Life is about moments. Fragile and ephemeral, ecstatic and soul shattering, they carve and leave marks in our memory. Some influence us more than others, and change the view we have on certain aspects of life. This is a story about the moment that is responsible as to why I am currently writing this from the other end of the globe and how I got to where I am.
Today my Dad would have celebrated his 59th birthday, had he not passed away 4 years ago. In an indirect manner, his death is sort of the reason why I began to travel. At that point in my life I was depressed, sad and angry, both at myself and everyone around me. I honestly didn’t really see the point of anything in life, it was all merged in this consistently grey zone with very little joy. It was not a pretty time. I was looking for a way to escape it all, go to a place where I was a stranger, where nobody knew my name or what demons I was battelling. On August 25th, a few months after his death, I boarded a plane to Iceland. My very first, terrifying, yet most influencial journey.
My Dad has been to Iceland himself a few times, either with work or to visit one of his friends who, to this day I believe, still resides in Reykjavík. There is this old film photograph of him in front of a waterfall there. Earthy tones, slightly distorted, bit of a blur. Judging by the coat he’s wearing, it was cold that day.
I remember I saw it as I was masochistically going through old photos when I was home for the funeral. And I knew I wanted to find and stand in the exact same place when I landed on that chilly and grey day. I don’t know what I expected would happen when I did. A part of me desperately pleaded for some kind of awakening, a miracle that would suddenly fix everything that had been broken, to provide me with answers to questions that nobody in the world could have given me. I could feel my legs getting weaker as I made my way down the trail to that precise waterfall.
And there I was, standing in the exact same spot as my Dad in the photo, waiting and really wishing for something, anything, that could help me feel at peace with my life. But there was no miracle; no epiphany, no lightning strike, the heavens didn’t open above my head, nothing. I was just getting cold and wet from standing too close to the water. I’m almost certain I made a grunt noise and turned around. Life is not a melodramatic indie movie turns out.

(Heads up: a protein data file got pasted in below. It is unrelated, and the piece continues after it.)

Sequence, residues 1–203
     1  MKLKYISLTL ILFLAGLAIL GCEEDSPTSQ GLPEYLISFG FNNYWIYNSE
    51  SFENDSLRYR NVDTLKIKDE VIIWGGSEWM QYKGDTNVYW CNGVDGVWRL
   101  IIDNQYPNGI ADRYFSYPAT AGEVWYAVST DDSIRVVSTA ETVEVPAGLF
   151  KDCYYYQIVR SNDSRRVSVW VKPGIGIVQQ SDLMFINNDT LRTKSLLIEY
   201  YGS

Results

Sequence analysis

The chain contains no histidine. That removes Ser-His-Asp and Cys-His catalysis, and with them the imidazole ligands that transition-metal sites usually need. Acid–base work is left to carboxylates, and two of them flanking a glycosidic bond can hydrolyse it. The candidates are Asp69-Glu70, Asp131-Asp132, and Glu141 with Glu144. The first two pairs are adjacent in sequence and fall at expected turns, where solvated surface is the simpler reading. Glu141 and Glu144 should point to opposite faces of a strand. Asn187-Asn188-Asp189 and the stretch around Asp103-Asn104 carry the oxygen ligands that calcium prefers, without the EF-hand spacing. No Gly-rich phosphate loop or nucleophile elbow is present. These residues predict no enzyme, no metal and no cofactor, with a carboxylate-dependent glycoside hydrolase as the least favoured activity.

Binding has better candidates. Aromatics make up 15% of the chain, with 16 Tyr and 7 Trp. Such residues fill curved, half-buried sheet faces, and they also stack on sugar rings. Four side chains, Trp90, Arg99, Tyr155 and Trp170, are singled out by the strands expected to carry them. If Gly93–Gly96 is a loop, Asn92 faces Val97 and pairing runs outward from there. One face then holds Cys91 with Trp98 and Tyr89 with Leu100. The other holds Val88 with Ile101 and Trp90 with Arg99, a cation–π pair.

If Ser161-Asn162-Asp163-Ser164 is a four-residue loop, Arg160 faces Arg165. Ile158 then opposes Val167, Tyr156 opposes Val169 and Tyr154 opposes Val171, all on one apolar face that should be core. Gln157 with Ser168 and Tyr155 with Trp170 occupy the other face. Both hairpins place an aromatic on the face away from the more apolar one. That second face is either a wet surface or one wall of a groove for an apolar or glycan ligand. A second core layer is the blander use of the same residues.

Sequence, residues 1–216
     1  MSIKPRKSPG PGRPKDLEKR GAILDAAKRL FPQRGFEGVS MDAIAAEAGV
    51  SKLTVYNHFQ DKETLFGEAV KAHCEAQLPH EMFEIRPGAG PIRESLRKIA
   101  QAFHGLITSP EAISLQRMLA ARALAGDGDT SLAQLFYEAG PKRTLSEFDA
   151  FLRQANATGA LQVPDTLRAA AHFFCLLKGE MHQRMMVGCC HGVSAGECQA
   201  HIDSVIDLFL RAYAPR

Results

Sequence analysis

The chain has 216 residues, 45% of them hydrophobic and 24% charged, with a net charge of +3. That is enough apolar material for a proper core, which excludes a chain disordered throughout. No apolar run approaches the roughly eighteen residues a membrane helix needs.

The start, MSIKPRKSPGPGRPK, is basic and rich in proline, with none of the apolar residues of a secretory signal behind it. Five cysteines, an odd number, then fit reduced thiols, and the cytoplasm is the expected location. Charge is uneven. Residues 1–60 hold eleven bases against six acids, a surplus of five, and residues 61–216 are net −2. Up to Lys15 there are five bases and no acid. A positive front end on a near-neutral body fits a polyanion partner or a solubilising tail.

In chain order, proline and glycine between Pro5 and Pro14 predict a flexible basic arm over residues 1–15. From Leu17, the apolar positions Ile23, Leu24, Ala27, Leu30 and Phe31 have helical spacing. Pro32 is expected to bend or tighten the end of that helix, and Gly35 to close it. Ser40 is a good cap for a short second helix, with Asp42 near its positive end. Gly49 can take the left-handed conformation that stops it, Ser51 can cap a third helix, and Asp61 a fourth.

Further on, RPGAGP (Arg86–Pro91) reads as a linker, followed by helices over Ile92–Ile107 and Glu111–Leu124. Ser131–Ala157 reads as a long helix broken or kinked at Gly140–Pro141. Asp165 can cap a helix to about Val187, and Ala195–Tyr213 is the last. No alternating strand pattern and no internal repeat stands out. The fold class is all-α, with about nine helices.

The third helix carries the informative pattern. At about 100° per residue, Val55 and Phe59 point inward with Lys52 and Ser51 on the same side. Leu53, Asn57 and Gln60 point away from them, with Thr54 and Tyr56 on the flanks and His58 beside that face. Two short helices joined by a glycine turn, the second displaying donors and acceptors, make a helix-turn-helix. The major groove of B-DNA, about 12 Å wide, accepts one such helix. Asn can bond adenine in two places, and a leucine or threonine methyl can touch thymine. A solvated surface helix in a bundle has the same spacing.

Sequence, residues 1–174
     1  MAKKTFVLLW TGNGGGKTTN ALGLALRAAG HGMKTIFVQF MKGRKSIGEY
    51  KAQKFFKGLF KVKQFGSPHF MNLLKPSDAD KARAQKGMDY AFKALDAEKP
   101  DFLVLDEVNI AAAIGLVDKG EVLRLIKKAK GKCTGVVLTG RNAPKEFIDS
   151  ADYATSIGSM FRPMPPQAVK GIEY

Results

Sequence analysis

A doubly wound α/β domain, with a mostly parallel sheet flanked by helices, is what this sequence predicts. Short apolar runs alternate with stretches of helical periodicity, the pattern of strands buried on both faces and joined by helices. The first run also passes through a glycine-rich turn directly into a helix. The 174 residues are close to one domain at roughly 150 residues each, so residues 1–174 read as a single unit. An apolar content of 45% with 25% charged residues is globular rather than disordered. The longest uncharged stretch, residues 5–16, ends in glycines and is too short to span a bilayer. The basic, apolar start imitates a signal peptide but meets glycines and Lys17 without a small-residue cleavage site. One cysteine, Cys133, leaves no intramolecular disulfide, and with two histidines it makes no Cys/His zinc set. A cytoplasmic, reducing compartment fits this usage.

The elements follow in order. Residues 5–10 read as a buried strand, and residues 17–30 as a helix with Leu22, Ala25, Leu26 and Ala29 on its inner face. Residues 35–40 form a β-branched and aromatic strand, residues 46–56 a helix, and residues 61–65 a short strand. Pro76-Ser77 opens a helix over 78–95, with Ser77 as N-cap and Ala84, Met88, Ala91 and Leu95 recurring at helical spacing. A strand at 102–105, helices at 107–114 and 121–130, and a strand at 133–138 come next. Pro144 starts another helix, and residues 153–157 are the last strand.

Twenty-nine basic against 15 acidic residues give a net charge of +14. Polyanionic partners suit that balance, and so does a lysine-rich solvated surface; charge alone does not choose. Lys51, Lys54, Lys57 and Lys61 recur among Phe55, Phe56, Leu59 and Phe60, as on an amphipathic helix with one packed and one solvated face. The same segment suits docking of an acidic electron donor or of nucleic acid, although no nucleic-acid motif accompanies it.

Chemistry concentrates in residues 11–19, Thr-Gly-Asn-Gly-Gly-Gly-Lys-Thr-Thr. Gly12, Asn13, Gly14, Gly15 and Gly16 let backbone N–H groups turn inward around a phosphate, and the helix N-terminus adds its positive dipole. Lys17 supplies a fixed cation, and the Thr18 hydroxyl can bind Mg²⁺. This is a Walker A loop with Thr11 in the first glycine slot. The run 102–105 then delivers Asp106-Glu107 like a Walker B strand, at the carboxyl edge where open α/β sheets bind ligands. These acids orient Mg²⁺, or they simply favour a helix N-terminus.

After completely losing faith and being almost certain I will never feel joy again, I came back to sulk at my hostel. Despite having breathtaking nature around me and incredibly friendly and warm people, my mood didn’t really change. After wandering the streets of Reykjavík for a few days, I decided to book one last tour before I left. If riding pudgy, cute icelandic horses wouldn’t make me happy, I would have officially declared my soul gone. We were in the middle of the countryside, making our way through the beautiful black lava field landscape, when I witnessed something that, to this day, echoes in my memory. It started to rain quite heavily as we were out, but at the same magical moment the sun started to shine strongly upon us. A double rainbow appeared, making an amazing contrast to the jet black ground. It was like nothing I had ever seen before in my life; I stopped my horse and just admired it all in awe before it faded away. I have no photos of this scene, and I am glad I don’t. It will forever be an incredibly personal and perfectly contained moment that is just mine to reminisce and enjoy. When it was over, I realized that I wanted more of this; I had the desire to see if the rainbow looks just as vivid on the other end of the globe; if the horses have the same fluffyness somewhere else on the planet; if rain in Asia, South America, Africa feels just as cold hitting my skin as it did that day in the middle of nowhere in Iceland. Nearly 3 years of off-and-on travel later, the desire to wander has not faded, nor has my appreciation and joy for life. And I am happy for that.
However, sadness returns when I remember the reason as to why all of this began. I have had ‘Icelandic’ moments in every single country I have been to so far, but I will never be able to ring my Dad and tell him about them. I find myself from time to time thinking about what would he say if he saw me today… Would he be proud of the life I have (or more so trying to have) for myself, of the person I have become? Would he perhaps be disappointed?
The way I have chosen to live my life is slightly different compared to how my parents lived when they were my age. They were already married. They had jobs. I have two backpacks to my name and no idea where my feet will take me tomorrow.
I would like to believe that if he could see how happy I am and how my eyes light up when I set off to explore this beautiful planet we live on, he would be happy aswell. Maybe he can, who knows…
Wherever you are, I hope they have cake…
Happy Birthday, Dad.